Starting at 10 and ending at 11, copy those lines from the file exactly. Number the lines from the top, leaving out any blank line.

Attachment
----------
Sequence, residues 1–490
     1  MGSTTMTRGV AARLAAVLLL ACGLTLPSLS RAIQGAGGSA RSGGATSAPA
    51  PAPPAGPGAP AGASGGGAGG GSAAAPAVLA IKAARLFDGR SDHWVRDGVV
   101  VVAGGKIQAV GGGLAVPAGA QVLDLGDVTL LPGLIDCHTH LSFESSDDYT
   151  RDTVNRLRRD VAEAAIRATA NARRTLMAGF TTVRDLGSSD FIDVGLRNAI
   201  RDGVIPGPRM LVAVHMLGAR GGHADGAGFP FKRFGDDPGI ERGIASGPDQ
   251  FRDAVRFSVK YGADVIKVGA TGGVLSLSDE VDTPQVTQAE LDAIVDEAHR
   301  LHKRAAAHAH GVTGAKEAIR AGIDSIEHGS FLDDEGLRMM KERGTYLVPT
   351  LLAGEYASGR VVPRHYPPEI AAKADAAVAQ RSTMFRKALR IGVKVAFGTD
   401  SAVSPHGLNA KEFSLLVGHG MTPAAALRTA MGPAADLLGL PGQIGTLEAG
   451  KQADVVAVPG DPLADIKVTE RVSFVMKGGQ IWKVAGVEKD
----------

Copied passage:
   401  SAVSPHGLNA KEFSLLVGHG MTPAAALRTA MGPAADLLGL PGQIGTLEAG
   451  KQADVVAVPG DPLADIKVTE RVSFVMKGGQ IWKVAGVEKD